The prophet Jeremiah comments on our fickleness as well.  He says, “The human heart is deceitful above all things” (Jeremiah 17:9).  I know why he said this.  It’s because we often do things with full control and complete intentionality while we are fully aware of the consequences.

Guess what?  God knows this about us too.  No, he does not like it.  No, he will not tolerate it.  He does, however, love us.  He loves us enough to send his son so that even in our fickleness, we can have life.

 

Love and Punishment

My wife and I have reflected often about what we thought parenting would be like and what has been our real-life experience. I can honestly say be both really looked forward to being a mom and dad. You have foundations, lessons, and ideals that you want to teach your children, hoping the result will be well-adjusted, loving, and faithful adults.  You rely on your own experience, gain perspective in your own life, as well as watching, and learning from your parents. Then, you discover it’s likely the most difficult thing you will ever do.

Along come cell phones and social media, and you are now dealing with challenges that you are not prepared for. Add on the treacherous content on laptops and mobile devices, which include pornography, the glamorization of what life “should be like,” along with the pressure that kids feel to be included and popular.  Let’s not forget peer pressure which includes vaping, drinking, and sex. All that, and we are not out of the middle school years yet!

With all of that, it can be a challenge to develop a loving relationship with your children and discipline them at the same time. You are constantly counseling and advising them.  You are constantly monitoring their friends, where they go, and who they socialize with. Can you remember your parents telling you as a child, “I am only doing this because I love you…” followed by a punishment?  Wait, you love me, but I am (insert punishment here)?

The nature of humans is that we need to be disciplined.  Our nature is to sin.  Without the constant presence of the Holy Spirit in our heart, we stray from God.  We will worship worldly things more than God.  We will commit sin and stray from our commitment and faith to our God. The world will tempt us and we will struggle.

In the Old Testament, God spoke through His prophets. God was directly involved in administering punishment to the people of Israel because they worshiped idols, committed adultery, were spiritually corrupt, engaged in prostitution, and continually turned away from God. As their Father, God was continually trying to nurture and teach the Jews throughout the Bible about following His Word and worshipping Him, rather than earthly possessions.  He was not happy with the sins that pulled the Jews away from His commandments.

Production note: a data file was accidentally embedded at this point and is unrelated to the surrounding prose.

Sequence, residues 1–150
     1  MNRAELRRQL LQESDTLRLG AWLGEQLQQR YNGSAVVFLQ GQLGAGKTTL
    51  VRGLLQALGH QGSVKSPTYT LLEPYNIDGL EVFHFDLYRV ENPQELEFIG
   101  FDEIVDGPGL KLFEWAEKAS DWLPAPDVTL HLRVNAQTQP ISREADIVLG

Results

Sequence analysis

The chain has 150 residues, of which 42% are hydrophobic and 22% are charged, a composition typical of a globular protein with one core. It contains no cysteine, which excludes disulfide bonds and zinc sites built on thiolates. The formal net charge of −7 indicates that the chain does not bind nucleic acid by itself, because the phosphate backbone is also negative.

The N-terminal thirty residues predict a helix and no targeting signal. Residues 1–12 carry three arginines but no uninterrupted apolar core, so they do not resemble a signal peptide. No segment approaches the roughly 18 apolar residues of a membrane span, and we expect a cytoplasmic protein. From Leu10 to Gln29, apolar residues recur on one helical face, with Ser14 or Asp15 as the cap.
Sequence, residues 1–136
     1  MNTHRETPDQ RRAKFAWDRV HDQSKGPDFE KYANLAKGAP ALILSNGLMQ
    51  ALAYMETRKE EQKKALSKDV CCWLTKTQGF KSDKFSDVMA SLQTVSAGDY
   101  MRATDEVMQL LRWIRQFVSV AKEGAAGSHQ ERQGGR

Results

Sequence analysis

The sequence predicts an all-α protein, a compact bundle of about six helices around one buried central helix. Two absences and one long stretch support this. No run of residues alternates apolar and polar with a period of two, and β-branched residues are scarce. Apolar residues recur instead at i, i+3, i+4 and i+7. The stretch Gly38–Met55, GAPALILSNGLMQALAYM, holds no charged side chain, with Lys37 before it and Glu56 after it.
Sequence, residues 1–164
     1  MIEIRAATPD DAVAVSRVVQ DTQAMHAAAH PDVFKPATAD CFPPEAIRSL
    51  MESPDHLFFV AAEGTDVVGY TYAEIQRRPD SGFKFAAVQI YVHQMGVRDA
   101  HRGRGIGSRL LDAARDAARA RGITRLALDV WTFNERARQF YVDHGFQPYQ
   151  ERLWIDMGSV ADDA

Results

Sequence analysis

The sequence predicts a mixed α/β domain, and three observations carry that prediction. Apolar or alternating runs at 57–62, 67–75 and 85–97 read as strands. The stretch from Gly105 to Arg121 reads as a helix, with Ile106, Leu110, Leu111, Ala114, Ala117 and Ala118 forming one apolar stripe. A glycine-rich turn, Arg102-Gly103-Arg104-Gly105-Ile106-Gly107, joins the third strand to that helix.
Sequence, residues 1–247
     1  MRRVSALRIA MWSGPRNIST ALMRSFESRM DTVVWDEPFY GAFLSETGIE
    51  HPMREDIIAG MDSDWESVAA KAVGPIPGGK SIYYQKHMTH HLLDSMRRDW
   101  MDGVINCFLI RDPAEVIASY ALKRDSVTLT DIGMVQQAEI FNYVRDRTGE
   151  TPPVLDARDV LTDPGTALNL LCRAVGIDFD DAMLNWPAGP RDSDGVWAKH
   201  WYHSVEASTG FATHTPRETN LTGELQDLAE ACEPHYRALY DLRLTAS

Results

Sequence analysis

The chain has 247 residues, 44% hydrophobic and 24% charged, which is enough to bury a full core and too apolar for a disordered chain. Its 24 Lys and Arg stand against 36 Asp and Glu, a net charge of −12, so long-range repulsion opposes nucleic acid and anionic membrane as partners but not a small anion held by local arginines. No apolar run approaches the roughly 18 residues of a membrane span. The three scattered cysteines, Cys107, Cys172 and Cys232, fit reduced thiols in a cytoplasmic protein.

The Book of Hosea was written by the prophet Hosea, who prophesized the punishment God would bring upon Israel based on their transgressions.  Chapter 9, verse 7 exclaims “The days of punishment have come; The days of recompense have come. Israel knows!” In verse 9, “They are deeply corrupted, as in the days of Gibeah. He will remember their iniquity; He will punish their sins.”

God loves us even when we are committing the worst sins.  Even though God spoke openly about the consequences that would come to the Jewish people for their sins, and He still loved them.  As a Father, He was acting, sometimes what may seem extreme to us, to discipline His children and get them right with their faith and fellowship with Him.

Even though God disciplines us, He still loves us. Scripture in the Bible tells us that continually.

1 John 4:7-8: 7 Dear friends, let us love one another, for love comes from God. Everyone who loves has been born of God and knows God. 8 Whoever does not love does not know God, because God is love.

1 John 4:9-11 9 This is how God showed his love among us: He sent his one and only Son into the world that we might live through him. 10 This is love: not that we loved God, but that he loved us and sent his Son as an atoning sacrifice for our sins. 11 Dear friends, since God so loved us, we also ought to love one another.

Isaiah 54:10 Though the mountains be shaken and the hills be removed, yet my unfailing love for you will not be shaken nor my covenant of peace be removed,” says the Lord, who has compassion on you.

Romans 5:8 But God demonstrates his own love for us in this: While we were still sinners, Christ died for us.

Just like we love our children unconditionally, God loves us unconditionally as well, even when we are sinful.  In fact, mankind has continually defied God, our creator, and He sent His only Son to suffer and die to demonstrate His love for us. Yes, punishment is hard to accept, and even harder to administer, yet it is essential for us as humans to experience the good and bad to make the right choices in our life. Love and punishment go together.  We cannot fully understand love unless we understand that punishment and suffering is to bring us to appreciate and understand the “right path.”